We are all watching the unprecedented change in the financial and auto industries. We hear daily about massive declines in retail auto sales, dealership closings and lenders stopping leasing, or only leasing on the highest of credit scores. Car manufacturers have announced plant closings and layoffs of salaried workforces and have gone to Washington to ask for a federal bailout. House Energy and Commerce Chair John Dingell, D-Mich., said the Treasury and the Federal Reserve could use the authority they already have to free up funding for automotive lending. Dingell and others said the need goes beyond the lack of loans for vehicle buyers to the need of federal money to maintain operations.

This begs the question, “What about us?”

We all operate in an environment of asset-backed lending. Whether you are an independent or one of the largest publicly held companies, we all need credit in order to obtain vehicles. If the government is going to support the financial community, the airlines, the manufacturers and suppliers, then why not car rental? Our industry is a major contributor to the tourism industry and a significant employer, as well as a significant provider of tax revenues to local and state communities. Our vendors and suppliers rely on many of us for their businesses to survive. Why aren’t we being considered in this “global bailout?”

We do ourselves a huge injustice by not collectively having one voice on these issues, but also for not addressing things that affect our industry and our ability to operate in the current environment. These are unchartered waters for all of us. Change—as both presidential candidates declared—is needed. Companies are holding on to cars longer than ever and often longer than they need to, which causes over-fleeting. Many can’t afford to absorb the losses from drastically reduced residual values, or in many cases, from being unable to finance the purchase of a car. Many simply cannot afford to dispose of the car because they are not sure they will have the credit facility needed to replace the car when it is time to seasonally fleet up.

Everyone is looking at their business model to find a way to cut costs, and, as in the airline industry, this could affect customer service. The “a-la-carte” approach of the airline industry is an act of desperation. One airline asked me to join their frequent flyer program and at the same time shot themselves in the foot when, after charging $15 to check a single bag, charged me $2 for a Coke on a four-hour flight. Wow, thanks, but I won’t be flying with you again. We need to control our costs as well. I will again ask: Why are we the only travel segment that does not take a guaranteed reservation from a customer?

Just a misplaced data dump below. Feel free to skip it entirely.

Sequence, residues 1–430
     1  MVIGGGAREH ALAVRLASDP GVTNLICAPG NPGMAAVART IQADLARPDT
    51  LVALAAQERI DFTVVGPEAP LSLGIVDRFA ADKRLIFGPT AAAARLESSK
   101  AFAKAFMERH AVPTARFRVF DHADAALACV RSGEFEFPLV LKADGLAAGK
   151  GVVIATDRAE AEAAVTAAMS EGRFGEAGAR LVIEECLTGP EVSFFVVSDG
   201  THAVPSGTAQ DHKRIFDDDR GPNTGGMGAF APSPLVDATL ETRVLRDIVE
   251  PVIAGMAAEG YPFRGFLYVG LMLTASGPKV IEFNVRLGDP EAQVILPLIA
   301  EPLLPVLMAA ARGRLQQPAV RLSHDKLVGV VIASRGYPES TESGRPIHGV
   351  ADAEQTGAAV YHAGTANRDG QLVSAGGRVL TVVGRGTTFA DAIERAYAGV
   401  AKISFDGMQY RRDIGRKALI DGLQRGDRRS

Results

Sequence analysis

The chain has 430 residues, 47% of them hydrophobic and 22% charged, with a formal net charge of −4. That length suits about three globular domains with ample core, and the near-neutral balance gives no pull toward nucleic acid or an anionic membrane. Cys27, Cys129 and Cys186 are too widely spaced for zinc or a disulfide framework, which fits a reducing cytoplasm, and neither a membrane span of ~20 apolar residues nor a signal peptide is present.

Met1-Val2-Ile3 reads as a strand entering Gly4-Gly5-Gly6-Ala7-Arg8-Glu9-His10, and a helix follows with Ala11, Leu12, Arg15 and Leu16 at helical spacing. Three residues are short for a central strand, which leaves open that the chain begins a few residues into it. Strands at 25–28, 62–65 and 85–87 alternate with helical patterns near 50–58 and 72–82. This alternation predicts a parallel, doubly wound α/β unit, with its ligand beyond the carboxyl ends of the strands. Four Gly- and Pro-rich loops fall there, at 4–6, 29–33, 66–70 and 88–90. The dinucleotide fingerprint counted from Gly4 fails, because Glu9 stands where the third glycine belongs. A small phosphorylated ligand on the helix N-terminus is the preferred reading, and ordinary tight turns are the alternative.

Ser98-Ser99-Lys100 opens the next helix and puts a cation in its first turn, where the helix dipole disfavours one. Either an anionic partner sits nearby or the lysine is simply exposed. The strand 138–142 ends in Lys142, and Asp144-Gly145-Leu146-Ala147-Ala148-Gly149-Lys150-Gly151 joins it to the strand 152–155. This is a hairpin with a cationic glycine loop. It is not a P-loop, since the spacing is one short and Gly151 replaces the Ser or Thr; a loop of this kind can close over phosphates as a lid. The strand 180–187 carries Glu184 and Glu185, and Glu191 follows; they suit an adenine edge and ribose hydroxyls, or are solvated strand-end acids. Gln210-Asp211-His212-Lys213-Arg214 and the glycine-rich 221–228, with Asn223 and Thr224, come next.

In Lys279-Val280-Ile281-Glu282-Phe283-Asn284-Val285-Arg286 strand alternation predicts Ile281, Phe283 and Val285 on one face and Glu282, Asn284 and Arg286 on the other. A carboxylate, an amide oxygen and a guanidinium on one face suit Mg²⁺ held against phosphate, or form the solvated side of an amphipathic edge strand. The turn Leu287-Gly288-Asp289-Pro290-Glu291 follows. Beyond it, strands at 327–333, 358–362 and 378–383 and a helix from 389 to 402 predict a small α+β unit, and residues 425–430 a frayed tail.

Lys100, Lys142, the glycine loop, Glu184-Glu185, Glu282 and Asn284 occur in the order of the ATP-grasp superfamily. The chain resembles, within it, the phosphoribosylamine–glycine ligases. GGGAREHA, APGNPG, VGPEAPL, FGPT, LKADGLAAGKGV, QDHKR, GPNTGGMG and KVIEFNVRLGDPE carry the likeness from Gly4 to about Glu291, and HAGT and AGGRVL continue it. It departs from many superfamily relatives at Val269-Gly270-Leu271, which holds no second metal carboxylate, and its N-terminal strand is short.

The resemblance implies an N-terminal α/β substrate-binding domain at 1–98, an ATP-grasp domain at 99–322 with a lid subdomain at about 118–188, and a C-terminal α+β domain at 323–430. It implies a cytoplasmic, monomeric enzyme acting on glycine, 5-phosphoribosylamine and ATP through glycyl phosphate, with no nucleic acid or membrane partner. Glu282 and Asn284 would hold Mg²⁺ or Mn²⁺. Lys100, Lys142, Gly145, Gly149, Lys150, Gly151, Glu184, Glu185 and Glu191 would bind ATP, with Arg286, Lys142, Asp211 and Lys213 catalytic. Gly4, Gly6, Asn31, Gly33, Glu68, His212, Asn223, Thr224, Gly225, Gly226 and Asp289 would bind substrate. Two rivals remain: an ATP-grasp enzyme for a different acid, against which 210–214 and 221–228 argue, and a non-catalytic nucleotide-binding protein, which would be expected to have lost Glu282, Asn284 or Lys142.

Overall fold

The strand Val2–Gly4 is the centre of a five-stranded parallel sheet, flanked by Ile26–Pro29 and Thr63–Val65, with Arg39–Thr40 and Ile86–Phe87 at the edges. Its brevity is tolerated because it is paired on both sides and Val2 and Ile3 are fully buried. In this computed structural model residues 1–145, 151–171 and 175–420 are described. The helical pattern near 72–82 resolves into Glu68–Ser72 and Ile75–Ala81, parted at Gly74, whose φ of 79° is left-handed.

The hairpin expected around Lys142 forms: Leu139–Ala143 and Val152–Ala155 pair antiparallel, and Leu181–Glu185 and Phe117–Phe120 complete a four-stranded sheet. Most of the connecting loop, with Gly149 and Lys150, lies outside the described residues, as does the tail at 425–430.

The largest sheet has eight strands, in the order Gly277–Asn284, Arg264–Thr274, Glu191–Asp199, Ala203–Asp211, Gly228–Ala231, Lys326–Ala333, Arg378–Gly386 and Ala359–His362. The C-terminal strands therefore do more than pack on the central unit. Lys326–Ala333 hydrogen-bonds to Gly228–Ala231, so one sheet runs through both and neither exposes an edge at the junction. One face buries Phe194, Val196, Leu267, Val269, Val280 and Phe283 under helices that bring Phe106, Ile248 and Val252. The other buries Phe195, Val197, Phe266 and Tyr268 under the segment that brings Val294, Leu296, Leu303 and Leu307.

New Web technology has brought out companies that monitor reservations and then rebook the consumer when others drop their rates—nice. Let’s put this in perspective: For each vehicle you rent, assuming 80-percent utilization, a three-day length of rental and a 30 percent no-show factor, hard costs for no-shows can easily be $60 per year for this vehicle. If you operate 2,000 vehicles, that cost is $120,000 a year; 20,000 vehicles costs $1.2 million. You do the math. This does not even consider the soft costs, or more importantly, customer service issues from fleeting problems related to no-shows.

I encourage you to join ACRA—let’s get our industry voice heard collectively. We need help from Washington as well. Contact Sean Busking of ACRA, who will help you draft a letter to your congressperson or senator addressing the issues that affect our ability to operate in the current environment.

Ask the question, “What about us?”


Bob Barton is the executive vice president and chief operating officer of U-Save Car & Truck Rental. He is also the current president of the American Car Rental Association (ACRA).


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